Democratic Action rated him at 66 percent, clearly the liberal side of the
spectrum. ADA's Web address: http://adaction.org
Nonetheless, back in
1992 Gore largely escaped liberal labels. To learn how the network tagged
Gore 1992 when tapped by Clinton, I dug out old issues of the MRC's
MediaWatch ConventionWatch, which brought back horrible memories of our
days in the rat-infested Ramada Penta hotel in Manhattan during the
Democratic conclave. But I also found some quotes which contradict with
how the networks have approached Cheney.
The night Gore was
announced, Thursday July 9, 1992 just a few days before the convention,
Dan Rather avoided any ideological labeling on the CBS Evening News:
"Arkansas Governor Bill Clinton made it official today. Environmental
expert and Vietnam veteran Senator Al Gore will be his running mate."
Reporter Richard Threlkeld claimed: "Both Gore and Clinton are
centrist, some would say conservative Democrats, and white and male."
Tom Brokaw announced on
the NBC Nightly News: "Today, Bill Clinton broke the rules. He chose
someone from the same gene pool: a fellow moderate Southerner of the same
generation, Senator Al Gore of Tennessee." That night only NBC's Bob
Kur used the word liberal, noting that while "his label, after 15
years in the House and Senate is moderate, he's cast enough liberal votes
to win high ratings from those interest groups."
During prime time
coverage on the first night of the convention, July 13, CBS's Susan
Spencer found that even "liberal" delegates think Clinton-Gore
could be a winning team so "they're willing to swallow their problems
that they have with such a conservative pair in hopes of winning."
Now compare that
treatment of Gore and the lack of repeated recitation of any of his
left-wing votes with this week's incessant labeling of Cheney and repeated
listing of votes the media find unpopular.
As reported in the July
26 CyberAlert, here's how Cheney was described the day Bush made his
-- ABC: Linda Douglass
referred to him as one of the "most conservative members" of
Congress who had "a very conservative voting record." Diane
Sawyer sighed that while he "doesn't look fire-breathing," he's
"very conservative." George Stephanopoulos dubbed him a
"very hardline conservative."
-- CBS: Bill Whitaker
managed three different adjectives, tagging Cheney "a bedrock
conservative" and "a rock-solid conservative" with a
"a solidly conservative voting record."
Whitaker also relayed how Democrats are "planning to paint him as too
far right and wrong for the country." Plus, Bryant Gumbel put Cheney
outside the mainstream: "Cheney's politics are of the hard-right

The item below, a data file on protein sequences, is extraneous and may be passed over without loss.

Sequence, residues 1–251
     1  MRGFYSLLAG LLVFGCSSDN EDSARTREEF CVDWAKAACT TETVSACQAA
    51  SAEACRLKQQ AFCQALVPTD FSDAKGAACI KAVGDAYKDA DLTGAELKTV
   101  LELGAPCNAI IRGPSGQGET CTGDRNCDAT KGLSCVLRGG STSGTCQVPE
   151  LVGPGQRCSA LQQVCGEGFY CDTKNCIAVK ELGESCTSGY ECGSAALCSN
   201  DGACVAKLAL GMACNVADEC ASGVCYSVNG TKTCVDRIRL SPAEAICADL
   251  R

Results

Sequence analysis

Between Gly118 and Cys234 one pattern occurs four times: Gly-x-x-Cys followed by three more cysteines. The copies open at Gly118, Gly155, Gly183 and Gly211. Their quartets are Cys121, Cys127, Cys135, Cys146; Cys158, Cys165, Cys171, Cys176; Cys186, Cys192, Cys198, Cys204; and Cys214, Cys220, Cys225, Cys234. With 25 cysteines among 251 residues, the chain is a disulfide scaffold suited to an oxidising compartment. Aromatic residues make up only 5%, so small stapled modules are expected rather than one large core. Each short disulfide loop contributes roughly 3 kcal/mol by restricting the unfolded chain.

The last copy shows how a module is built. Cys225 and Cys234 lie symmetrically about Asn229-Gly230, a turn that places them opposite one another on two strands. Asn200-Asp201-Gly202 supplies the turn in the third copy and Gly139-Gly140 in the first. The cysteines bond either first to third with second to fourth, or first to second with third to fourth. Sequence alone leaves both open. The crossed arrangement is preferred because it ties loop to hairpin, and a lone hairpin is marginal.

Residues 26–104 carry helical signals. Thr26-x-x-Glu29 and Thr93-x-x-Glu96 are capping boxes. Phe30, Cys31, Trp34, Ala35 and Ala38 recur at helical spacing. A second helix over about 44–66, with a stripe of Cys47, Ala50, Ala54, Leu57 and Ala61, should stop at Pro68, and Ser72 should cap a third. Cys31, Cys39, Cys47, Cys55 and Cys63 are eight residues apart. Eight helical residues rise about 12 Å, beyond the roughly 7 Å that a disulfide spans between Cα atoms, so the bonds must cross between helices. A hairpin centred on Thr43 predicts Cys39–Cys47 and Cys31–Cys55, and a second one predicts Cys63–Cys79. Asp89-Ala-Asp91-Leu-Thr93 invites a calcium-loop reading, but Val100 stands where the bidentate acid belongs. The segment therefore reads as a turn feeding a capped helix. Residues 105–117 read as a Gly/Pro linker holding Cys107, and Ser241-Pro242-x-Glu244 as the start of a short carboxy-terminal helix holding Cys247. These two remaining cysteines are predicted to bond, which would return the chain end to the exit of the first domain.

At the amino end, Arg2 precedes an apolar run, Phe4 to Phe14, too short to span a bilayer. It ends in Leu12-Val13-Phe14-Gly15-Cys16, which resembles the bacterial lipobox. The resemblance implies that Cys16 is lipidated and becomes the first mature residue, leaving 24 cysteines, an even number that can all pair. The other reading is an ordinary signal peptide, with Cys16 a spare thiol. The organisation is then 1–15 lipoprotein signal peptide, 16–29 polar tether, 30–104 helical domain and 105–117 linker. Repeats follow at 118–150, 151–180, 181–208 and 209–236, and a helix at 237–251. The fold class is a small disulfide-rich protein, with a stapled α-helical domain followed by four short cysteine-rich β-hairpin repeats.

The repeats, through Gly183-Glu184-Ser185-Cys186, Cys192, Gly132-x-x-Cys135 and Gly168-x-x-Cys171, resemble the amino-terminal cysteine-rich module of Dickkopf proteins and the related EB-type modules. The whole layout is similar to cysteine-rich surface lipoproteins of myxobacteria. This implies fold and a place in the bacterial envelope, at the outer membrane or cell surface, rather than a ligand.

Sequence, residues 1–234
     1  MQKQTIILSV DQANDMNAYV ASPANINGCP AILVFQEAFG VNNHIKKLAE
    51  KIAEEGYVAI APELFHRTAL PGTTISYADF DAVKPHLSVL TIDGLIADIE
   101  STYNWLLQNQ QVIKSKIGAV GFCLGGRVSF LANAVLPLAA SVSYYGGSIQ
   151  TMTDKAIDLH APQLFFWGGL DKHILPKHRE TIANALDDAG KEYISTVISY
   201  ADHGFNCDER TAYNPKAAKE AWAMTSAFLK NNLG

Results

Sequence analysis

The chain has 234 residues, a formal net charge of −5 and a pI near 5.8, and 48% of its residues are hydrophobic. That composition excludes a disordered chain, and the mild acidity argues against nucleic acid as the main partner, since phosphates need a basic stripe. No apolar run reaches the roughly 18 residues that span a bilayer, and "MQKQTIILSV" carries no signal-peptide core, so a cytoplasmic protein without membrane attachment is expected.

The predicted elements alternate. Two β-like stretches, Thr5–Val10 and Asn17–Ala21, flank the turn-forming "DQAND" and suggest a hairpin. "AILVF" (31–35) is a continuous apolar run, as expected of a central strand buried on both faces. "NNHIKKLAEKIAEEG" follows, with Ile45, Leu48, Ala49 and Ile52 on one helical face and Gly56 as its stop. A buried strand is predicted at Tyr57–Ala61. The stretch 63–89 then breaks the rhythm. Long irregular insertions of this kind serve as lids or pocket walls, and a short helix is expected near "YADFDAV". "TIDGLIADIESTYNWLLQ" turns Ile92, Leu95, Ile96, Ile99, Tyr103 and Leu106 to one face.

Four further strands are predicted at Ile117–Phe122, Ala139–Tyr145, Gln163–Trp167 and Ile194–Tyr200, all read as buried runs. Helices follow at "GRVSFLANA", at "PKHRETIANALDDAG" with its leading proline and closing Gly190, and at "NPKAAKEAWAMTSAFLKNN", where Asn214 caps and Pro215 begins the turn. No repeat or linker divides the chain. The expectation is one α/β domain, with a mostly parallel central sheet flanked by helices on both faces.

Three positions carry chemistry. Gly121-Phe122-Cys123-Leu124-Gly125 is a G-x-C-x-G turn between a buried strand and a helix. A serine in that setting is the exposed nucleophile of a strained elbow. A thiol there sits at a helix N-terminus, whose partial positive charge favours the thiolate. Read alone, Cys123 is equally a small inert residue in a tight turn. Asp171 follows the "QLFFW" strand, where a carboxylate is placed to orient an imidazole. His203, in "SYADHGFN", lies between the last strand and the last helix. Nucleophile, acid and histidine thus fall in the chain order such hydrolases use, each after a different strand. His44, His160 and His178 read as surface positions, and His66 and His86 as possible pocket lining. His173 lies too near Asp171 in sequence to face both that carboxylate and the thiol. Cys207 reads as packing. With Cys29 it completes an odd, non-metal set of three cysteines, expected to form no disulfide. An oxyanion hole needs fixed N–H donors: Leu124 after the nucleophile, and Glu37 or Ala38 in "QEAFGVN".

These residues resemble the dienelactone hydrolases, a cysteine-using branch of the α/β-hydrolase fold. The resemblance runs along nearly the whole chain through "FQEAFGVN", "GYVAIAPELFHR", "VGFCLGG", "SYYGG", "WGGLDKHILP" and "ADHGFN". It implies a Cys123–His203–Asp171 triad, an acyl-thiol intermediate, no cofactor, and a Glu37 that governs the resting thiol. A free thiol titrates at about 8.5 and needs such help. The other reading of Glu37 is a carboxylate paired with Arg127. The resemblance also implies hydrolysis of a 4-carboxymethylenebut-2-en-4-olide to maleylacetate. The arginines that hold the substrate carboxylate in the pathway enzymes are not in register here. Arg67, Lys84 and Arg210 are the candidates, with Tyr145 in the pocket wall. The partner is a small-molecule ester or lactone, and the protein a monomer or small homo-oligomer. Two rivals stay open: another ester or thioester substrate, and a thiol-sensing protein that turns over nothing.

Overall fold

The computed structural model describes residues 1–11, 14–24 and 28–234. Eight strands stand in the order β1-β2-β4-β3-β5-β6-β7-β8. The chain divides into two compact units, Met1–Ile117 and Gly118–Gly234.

-- NBC: Tom Brokaw noted
Cheney's "stellar conservative credentials" before Anne Thompson
stressed his "very conservative record." Lisa Myers agreed,
recalling his days in Congress: "His voting record? Very
For more examples of
Cheney labeling, go to:
In the midst of network reporters happily promoting the Democratic/Gore
opposition research hits on Dick Cheney, a CNN reporter actually picked up
on the Bush team's counterattack on Gore, an angle ignored by ABC, CBS and
NBC. In a story on CNN's Inside Politics Wednesday night, but which did
not run on The World Today, Jonathan Karl showed how in the 1980s Al Gore
voted just like Dick Cheney on guns and abortion, positions for which the
Gore camp is now accusing Cheney of being an extremist.
On Special Report with
Brit Hume, FNC's Jim Angle made a brief mention of how Gore got good
grades from the NRA in the early 1980s. (Referring back to item #2 above,
that Gore could earn a 66 percent ADA rating while voting conservative on
issues on which Tennesseans were on the right -- like gun control --
suggests how liberal he must have been in many other areas.)
Karl informed viewers of
the July 26 Inside Politics: "On the potentially explosive issues of
gun control and abortion, the Bush team says Gore was often voting the
same way as Cheney. Take gun control. From 1980 to 1984 Gore received
virtually straight A ratings from the National Rifle Association while
representing his conservative Tennessee district in the House, grades
similar to Dick Cheney's on the gun issue."
On screen CNN displayed a graphic:
1980: A- A
1982: A- A
1984: A A
"And on abortion, Gore voted with he National Right to Life Committee
94 percent of the time [1979-84] in the early 1980s, nearly as high as
Cheney's 100 percent rating. And in 1984 Gore voted for an amendment
banning federal funding of abortion that said quote ‘the unborn are
persons from the moment of conception.' Cheney voted for that too. It
Karl explained the Bush
strategy: "Attacked on Cheney's voting record the Bush campaign will
respond with an attack on Gore's, telling voters Gore has flip-flopped on
hot-button issues like gun control and abortion. Bush calls it political
judo and it's the modus operandi of his campaign -- use an attack against
you as an opportunity to turn the attack back on your opponent."
But that only works if
the media report your counterattack and so far ABC, CBS and NBC have all
ignored this "political judo."
+++ Watch a clip of Karl's story. On
Thursday the MRC's Eric Pairel will post a RealPlayer video clip from this
story. Go to: http://www.mrc.org
Some reporting is so biased one campaign is able to incorporate it into
its Web site. Naturally, that would be an anti-Bush page set up by the DNC,
FNC's Brit Hume reported Wednesday night.
Hume relayed on July 26:
"The Democratic National Committee has managed to get a polished Web